Team & News

Design for Your Future Users: Building a Concept Team

Design for Your Future Users: Building a Concept Team
9 min read

At Usabilla, our goal is to help our customers collect feedback in the most innovative way; now and in the future. However, day-to-day issues and current development work tend to occupy our Product and Development teams, leaving little to no room for strategic thinking.

About half a year ago, we decided to kickstart a new initiative: The Usabilla Concept Team. Today, we would like to share our experiences with creating and optimizing a Concept Team as well as give you some pointers about how you too can start a Concept Team and design for the future.

Why build a concept team?

At some point we realized: if we wanted to be truly innovative – which we did – we would need to approach our Product design and development from a higher, more strategic level. Not necessarily ad-hoc or based on a customer’s specific request.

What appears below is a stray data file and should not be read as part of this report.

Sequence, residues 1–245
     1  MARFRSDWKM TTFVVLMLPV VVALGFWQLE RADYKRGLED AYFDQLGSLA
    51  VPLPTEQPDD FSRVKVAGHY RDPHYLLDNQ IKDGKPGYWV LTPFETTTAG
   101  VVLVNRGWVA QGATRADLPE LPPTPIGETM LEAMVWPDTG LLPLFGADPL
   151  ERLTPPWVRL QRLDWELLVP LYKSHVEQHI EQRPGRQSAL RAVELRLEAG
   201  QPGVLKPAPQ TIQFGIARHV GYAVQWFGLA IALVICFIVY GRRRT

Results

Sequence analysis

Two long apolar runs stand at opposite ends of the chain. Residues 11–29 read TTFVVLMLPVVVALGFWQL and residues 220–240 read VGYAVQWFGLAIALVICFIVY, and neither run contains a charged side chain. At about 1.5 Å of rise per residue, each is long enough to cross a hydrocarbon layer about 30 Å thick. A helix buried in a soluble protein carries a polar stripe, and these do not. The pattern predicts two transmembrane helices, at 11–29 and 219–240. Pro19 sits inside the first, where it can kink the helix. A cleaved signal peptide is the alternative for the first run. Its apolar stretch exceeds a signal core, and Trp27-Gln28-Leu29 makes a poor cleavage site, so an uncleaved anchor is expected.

What were common grounds between individual feature requests? What did our customers really struggle with? How could we solve their problems, today and tomorrow?

This made it clear to us that we needed to collect these issues that our customers were facing, combine them with the ideas we had and turn those ideas into actual features for our product roadmap.

Design for Your Future Users: Building a Concept Team

At this point we decided to build a Concept Team; an interdisciplinary team that would step away from day-to-day development and dedicate themselves to problems that needed to be tackled in the long-run. This team could ensure that:

  • Assumptions, ideas and questions that our organization had could be tackled
  • We were able to create and maintain a competitive advantage in the long-run
  • Our roadmap would become and remain more UX-driven

What is a concept team?

A Concept Team is an interdisciplinary, but UX / Design driven team that explores the future of a product on a conceptual level in so-called “Concepts”.

Concepts are high-level ideas that are not necessarily tied with what is currently being built in the company, they are the northern star we should move towards.